The largest petition of recent years - which would require about 6,000 signatures - and a march of perhaps half that number could well be enough to get the tax plan at least kicked into the long grass for the clichéd further consultation so beloved of indecisive politicians. A petition closer to 10,000 and a march of half that number would probably get the States to throw out the tax plan or even - don't bank against this, given its record thus far - persuade the Policy & Resources Committee itself to withdraw the plan to avoid the inevitability of defeat in the Assembly.
Public scepticism is already well past these levels. But it is not inevitable that public opposition will reach them in the form of overt campaigning, signing petitions, marching, attending public meetings, emailing or calling deputies, protesting on the steps of the Royal Court and the various other methods which in recent times succeeded in turning the tide against, for example, incinerators, school models and paid parking.
Pictured: It will be a few weeks before the depth of open public opposition to Policy & Resources' tax plan becomes clear.
Let's assume for a moment that public opposition is significant but not so overwhelming as to make the tax plan "dead on arrival". At that point, the politics of the current Assembly would become decisive.
The tax plan, which should obviously be led by the treasury lead, Deputy Mark Helyar, is now unexpectedly being led by the two Peters - Deputy Peter Ferbrache and Deputy Peter Roffey. Whether one thinks their judgement in this matter is right or wrong, they deserve immense credit for having the courage to front what they know is a deeply unpopular policy which they sincerely believe - and it is sincere - to be in the island's best long-term interests. Neither foolishly went into the 2020 election promising no more taxes, let alone tax cuts, and therefore they can lead the tax plan with straight faces.
There are echoes of the zero-10 tax debate of the mid-2000s. A senior committee with an unpopular tax plan bolstered by the support of Deputy Roffey, whose political instincts might have been expected to lead him into opposition. On that occasion, he helped pull around half a dozen of the more centrist, liberal members of the States, and that was enough to get zero-10 over the line.
And this Policy & Resources Committee usually starts States' debates with the greatest advantage of any senior committee of modern times: the instinctive loyalty of just over half the Assembly. And some of those loyalists who would have spat out 'tax' as if it was a four-letter word on the election campaign trail have already made speeches preparing the ground for a shift to become oh-so-reluctant tax and spend merchants.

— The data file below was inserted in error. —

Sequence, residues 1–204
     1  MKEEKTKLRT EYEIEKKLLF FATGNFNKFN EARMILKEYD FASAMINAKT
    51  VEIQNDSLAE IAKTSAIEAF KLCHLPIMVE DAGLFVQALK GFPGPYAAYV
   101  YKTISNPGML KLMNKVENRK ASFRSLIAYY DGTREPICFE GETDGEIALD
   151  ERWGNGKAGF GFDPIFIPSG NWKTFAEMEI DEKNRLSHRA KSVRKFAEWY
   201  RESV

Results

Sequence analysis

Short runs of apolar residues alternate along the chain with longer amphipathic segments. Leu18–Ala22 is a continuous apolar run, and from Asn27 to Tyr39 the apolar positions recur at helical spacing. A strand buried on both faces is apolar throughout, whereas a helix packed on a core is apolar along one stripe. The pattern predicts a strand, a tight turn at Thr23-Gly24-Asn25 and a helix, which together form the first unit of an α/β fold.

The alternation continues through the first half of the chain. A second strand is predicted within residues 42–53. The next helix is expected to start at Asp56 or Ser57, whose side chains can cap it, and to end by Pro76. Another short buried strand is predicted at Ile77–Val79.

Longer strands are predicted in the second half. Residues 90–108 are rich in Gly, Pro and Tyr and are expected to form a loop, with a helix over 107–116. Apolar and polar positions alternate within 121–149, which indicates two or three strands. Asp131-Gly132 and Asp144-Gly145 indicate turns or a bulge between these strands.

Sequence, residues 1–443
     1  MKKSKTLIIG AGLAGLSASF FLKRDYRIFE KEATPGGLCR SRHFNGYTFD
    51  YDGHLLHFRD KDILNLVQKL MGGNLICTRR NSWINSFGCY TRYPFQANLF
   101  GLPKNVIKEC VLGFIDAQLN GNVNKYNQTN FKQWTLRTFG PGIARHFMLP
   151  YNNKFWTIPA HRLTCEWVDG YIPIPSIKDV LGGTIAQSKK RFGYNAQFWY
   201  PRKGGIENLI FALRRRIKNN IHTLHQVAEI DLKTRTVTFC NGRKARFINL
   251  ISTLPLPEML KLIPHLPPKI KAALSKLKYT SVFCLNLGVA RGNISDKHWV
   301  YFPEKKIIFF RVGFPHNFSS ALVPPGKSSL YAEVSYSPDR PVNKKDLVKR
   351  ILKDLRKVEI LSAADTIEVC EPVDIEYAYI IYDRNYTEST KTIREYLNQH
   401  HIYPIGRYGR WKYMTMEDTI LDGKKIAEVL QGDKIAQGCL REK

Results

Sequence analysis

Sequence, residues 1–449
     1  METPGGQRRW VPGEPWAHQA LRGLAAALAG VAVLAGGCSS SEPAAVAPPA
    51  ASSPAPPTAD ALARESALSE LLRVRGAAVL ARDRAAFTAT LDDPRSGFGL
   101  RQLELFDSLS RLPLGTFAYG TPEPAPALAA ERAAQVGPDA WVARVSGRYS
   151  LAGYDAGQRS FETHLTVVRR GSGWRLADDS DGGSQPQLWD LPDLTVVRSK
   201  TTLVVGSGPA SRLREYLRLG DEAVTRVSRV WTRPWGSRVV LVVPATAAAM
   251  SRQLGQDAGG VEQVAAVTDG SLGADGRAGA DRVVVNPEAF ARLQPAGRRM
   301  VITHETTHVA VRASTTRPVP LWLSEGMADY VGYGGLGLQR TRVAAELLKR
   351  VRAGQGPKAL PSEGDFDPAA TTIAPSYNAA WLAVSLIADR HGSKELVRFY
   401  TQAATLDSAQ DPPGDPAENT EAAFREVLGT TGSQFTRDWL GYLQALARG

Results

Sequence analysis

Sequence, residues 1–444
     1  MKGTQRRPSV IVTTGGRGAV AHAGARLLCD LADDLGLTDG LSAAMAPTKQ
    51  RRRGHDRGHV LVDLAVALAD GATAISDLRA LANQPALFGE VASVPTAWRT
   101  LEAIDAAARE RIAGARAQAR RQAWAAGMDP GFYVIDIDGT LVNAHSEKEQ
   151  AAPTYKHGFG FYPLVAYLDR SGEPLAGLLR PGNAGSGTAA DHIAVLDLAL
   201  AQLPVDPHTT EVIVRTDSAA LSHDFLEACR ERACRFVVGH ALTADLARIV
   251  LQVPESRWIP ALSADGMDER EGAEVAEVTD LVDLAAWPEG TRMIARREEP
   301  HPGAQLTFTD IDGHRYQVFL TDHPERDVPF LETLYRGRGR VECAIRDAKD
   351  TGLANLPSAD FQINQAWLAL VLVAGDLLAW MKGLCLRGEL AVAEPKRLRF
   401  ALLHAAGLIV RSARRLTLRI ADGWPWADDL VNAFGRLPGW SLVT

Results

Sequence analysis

On the other hand, on the 'backbenches' there is a group of under-employed 'big beasts' waiting to tear down the tax plan: certainly, Deputies Charles Parkinson, Heidi Soulsby and Gavin St. Pier, and possibly Deputy Lyndon Trott. I haven't added it up, but I wouldn't be surprised if between them they have steered through the States 10 or 20 times the number of difficult and divisive policies which the five members of the Policy & Resources Committee have managed.
Pictured: Earlier this year, Express reported that Deputy Charles Parkinson (left) said the Policy & Resources Committee should resign if it tried and failed again to secure States' support for GST. The spotlight is now partially on Deputy Parkinson and like-minded colleagues to produce an alternative tax plan ahead of the States' debate expected at the end of January.
The coalition which on material votes usually provides the Policy & Resources Committee with a majority is an eclectic mix of deputies and Alderney representatives, but essentially it contains two wings: one is relatively ideological with mostly sincere beliefs about lower taxes, less spending and smaller government and the other is primarily populist without too many political principles but a fierce determination to be on the winning side.
The task the Policy & Resources Committee faces, in pure political terms, is convincing enough of these two sides of its normal coalition that voting for tax increases of around £60m a year, including GST, means neither conceding on the principles of small government nor inevitable unpopularity the next time the island goes to the polls.
If the Committee can pull that off, it will have achieved the single most impressive political victory since, in 1994, the States scrapped the stabilising presence of Conseillers in their original form.
It would be unwise to write off the Committee's chances of pulling it off, such is the depth of unity among its normal majority coalition.
However, even if the Committee can get its tax plan through the States, it faces the challenge of putting GST in place before the next general election, and that may be an even tougher proposition.